I loved this essay about craft and writing by Matthew Salesses. He talks about how much “craft” as we understand it is built on the terms of Western literature, and how, even within it, it can be a limiting construct. I’ve been thinking about a lot of things to do with my own fiction for a while. This really solidified many of them. I ran out (figuratively) and bought his book Craft in the Real World immediately.
Here’s another essay by Salesses (which led me to the first one) that specifically tackles fiction of resistance and how catharsis affects our relationship with reality. Key quote: “Catharsis is a state of rest, not a state of action.” This is why “satisfying” fiction about change is often not good for you, and why superheroes tend to be fiction of status quo maintenance.
I’ve talked about Cal Newport and his books and podcast quite a bit here, and I was inordinately delighted when he featured an audio question from me in his latest podcast. It’s the last question here.
Writer Brian K. Vaughan bought the script to an unpublished Gen13 Annual by Alan Moore in an auction to help out artist Bob Wiacek with some health issues, and now he’s offering a scanned copy of it to everyone who donates to Wiacek’s GoFundMe campaign. It’s for a good cause. Details here.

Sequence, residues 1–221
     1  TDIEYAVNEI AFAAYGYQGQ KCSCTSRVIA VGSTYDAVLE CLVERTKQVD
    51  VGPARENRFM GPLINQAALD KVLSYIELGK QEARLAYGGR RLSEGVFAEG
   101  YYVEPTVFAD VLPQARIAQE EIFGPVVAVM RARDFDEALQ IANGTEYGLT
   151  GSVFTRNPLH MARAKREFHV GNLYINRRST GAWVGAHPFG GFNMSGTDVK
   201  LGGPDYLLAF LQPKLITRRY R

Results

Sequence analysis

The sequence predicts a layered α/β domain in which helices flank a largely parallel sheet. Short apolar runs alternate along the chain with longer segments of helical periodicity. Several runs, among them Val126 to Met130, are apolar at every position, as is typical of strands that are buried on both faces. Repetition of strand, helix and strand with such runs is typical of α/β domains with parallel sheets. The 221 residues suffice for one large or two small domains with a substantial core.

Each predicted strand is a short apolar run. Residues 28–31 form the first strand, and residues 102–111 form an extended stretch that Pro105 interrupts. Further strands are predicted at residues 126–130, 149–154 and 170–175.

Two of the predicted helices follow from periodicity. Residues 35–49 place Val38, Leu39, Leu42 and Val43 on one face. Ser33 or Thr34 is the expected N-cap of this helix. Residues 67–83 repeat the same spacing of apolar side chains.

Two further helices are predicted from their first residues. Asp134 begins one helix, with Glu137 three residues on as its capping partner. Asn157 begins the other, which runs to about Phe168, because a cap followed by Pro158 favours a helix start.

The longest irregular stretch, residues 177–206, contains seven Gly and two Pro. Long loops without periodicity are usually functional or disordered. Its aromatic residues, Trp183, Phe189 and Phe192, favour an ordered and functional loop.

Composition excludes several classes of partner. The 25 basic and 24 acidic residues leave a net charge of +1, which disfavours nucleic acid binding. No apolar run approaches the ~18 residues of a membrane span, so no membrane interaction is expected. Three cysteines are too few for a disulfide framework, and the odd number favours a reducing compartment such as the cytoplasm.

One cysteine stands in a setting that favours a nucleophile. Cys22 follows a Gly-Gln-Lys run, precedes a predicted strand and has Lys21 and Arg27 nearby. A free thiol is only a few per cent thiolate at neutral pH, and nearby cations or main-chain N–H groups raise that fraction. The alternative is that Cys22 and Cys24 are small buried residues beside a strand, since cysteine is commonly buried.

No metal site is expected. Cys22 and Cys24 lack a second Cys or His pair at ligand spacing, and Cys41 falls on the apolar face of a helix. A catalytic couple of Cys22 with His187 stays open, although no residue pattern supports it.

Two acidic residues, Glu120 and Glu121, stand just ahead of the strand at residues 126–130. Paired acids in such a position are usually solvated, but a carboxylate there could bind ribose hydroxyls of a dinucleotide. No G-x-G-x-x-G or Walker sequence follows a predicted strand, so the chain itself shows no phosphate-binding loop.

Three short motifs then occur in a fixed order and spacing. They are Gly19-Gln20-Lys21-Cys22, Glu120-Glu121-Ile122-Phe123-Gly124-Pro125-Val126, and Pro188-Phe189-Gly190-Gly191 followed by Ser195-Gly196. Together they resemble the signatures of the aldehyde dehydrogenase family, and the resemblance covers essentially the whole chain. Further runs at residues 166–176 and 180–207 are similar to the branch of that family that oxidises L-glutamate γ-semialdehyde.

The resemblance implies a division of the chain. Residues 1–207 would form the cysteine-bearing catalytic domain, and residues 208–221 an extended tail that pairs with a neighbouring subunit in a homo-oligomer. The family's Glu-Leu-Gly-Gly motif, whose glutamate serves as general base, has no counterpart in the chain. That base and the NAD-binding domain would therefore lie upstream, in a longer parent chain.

I’ve recently been listening to Voluminous, a podcast about H. P. Lovecraft’s extensive correspondence with friends, family, fans and collaborators. Each episode, the hosts (who run the H. P. Lovecraft Historical Society, which I first discovered when I was looking for some period-appropriate typefaces, of which they have a great collection) read a letter from HPL to one of his correspondents, and then give us historical context of the time in general, of the relationship, and any relevance of the letter to either person’s work.
It’s a very enjoyable listen, especially if you’re interested in the pulp fiction landscape of the time. Obviously, HPL’s racism comes up multiple times, and while the hosts are two white men who are clearly uncomfortable discussing it, they do a reasonable job of expounding the nature of it and how it relates to HPL’s work.
For one thing, I gained renewed appreciation for how Alan Moore (in Providence) handled Lovecraft’s genuinely pleasant, if slightly melancholic, outward demeanour as it related to his casually virulent bigotry.
That’s all from me this week. I was writing a little bit about comics, but I couldn’t get it done in time, so it’ll be in the next one.
Have a good week ahead, folks.